Document Type : Research Article


Professor of International Studies, University of Denver


May the state prohibit speech that deeply offends religious sensibilities? This issue has recently been a matter of intense controversy in both the Islamic and Western world. Much of the discussion, on both sides, has been inflammatory and deeply unhelpful, even counterproductive. This paper seeks to advance the discussion by analyzing and defending the approach suggested by international human rights law.
Although international human rights law is explicitly silent on the question of speech that is intended to be or is perceived as hostile to a religion, there is a clear body of law dealing with speech that fosters racial discrimination that can be used as a model. On this basis, prohibiting speech that provokes or incites religious discrimination, religious hatred, or religious violence is clearly within the bounds of international human rights law. Prohibiting speech because that speech is offensive to adherents of a religion is not.
If speech is to be free, it must be regulated only to prevent demonstrable serious harm to others that outweighs the harm to those whose speech is restricted. Crying fire in a crowded theater is a classic example. Prohibiting speech that incites religious violence clearly meets this test. The fact that some people find the speech offensive clearly does not.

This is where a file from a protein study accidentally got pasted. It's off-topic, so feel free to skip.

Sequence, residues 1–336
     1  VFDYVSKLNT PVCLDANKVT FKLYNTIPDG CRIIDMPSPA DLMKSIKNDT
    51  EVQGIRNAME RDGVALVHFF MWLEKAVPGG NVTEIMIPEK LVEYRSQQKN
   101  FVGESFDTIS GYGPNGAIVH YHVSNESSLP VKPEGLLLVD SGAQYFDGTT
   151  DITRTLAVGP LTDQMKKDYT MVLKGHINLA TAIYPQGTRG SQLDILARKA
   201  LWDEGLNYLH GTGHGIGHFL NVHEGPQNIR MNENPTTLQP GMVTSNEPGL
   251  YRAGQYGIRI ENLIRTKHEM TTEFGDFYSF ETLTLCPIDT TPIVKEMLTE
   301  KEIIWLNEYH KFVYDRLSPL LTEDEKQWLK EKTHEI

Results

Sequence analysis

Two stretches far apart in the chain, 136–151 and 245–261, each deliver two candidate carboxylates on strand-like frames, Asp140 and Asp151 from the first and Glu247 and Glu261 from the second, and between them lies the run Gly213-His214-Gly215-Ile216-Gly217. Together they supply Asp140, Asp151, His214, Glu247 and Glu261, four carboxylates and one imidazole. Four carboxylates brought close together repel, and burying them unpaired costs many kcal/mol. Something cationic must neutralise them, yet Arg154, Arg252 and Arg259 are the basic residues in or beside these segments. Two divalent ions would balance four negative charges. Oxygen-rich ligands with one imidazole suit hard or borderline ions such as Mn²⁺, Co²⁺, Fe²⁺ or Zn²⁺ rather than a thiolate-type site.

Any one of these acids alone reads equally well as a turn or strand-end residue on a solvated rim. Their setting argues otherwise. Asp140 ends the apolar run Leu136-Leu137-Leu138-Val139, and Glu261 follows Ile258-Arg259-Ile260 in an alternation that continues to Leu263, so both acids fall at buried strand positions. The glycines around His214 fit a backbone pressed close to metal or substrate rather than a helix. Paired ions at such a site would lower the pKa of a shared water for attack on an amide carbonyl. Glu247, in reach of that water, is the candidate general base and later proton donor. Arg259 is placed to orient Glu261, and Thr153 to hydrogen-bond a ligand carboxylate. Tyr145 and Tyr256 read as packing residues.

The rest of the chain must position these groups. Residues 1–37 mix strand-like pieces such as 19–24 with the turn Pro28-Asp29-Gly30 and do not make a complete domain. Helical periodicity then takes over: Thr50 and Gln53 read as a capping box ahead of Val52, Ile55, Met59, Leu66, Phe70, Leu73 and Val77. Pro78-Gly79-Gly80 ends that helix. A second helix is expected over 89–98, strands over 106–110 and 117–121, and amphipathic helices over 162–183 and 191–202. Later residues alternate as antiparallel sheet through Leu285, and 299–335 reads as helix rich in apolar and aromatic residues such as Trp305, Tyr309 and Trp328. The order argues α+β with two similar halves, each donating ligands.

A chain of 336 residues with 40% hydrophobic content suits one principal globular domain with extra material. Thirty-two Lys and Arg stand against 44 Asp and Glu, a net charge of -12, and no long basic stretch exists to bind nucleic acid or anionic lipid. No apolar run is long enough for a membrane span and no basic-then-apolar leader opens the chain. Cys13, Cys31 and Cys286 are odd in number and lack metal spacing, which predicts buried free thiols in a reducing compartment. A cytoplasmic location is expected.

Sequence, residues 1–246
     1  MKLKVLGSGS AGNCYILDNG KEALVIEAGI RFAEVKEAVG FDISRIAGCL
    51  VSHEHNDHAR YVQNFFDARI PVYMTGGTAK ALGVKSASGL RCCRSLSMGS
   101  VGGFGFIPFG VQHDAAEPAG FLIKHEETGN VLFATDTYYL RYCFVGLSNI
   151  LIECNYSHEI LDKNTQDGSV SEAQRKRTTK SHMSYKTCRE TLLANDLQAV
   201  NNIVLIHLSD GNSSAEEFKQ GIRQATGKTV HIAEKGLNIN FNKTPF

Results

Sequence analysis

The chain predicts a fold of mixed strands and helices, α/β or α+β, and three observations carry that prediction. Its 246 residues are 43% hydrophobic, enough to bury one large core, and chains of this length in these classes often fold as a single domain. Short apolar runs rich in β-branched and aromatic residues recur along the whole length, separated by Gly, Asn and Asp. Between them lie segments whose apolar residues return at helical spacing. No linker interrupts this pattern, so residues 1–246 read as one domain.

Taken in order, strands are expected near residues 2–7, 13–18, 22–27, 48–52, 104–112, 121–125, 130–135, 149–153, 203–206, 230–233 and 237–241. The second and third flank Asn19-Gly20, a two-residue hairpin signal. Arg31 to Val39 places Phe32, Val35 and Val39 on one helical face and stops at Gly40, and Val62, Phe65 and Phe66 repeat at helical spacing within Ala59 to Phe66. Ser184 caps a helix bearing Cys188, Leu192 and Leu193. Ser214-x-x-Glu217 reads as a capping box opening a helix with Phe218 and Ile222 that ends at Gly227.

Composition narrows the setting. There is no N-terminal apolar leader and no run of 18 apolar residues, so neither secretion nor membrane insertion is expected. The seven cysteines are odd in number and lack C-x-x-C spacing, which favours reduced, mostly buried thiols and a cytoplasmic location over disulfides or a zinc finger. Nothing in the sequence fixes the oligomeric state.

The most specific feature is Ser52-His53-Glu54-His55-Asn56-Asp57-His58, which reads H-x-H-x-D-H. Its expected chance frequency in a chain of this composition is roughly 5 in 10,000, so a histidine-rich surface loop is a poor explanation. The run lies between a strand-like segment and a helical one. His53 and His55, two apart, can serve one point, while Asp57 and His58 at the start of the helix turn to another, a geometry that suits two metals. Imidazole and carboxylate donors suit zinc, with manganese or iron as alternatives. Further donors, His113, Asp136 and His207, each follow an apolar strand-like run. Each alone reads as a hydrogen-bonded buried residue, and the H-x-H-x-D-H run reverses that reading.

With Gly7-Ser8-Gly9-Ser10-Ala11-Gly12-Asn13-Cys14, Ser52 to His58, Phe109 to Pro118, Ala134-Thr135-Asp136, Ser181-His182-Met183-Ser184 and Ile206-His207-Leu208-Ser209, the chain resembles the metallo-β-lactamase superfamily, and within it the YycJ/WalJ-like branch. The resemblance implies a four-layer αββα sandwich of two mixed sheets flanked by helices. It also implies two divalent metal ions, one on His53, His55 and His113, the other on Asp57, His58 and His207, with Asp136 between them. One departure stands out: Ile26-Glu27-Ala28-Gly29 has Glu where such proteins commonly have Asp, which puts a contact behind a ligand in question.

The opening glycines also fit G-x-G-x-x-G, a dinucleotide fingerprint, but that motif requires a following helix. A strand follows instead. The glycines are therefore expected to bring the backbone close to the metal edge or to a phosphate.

The human right to freedom of religion does not guarantee that others respect one’s religion. States are obliged to permit the free choice and public exercise of one’s religion and to protect that choice and exercise. States are at liberty to give support to religion, either in general or to particular religions – so long as that support does not violate the human rights of others. To prohibit some speech on the basis of the religious sensibilities of one, some, or all religions restricts a fundamental human right for a non-human rights reason of insufficient weight.

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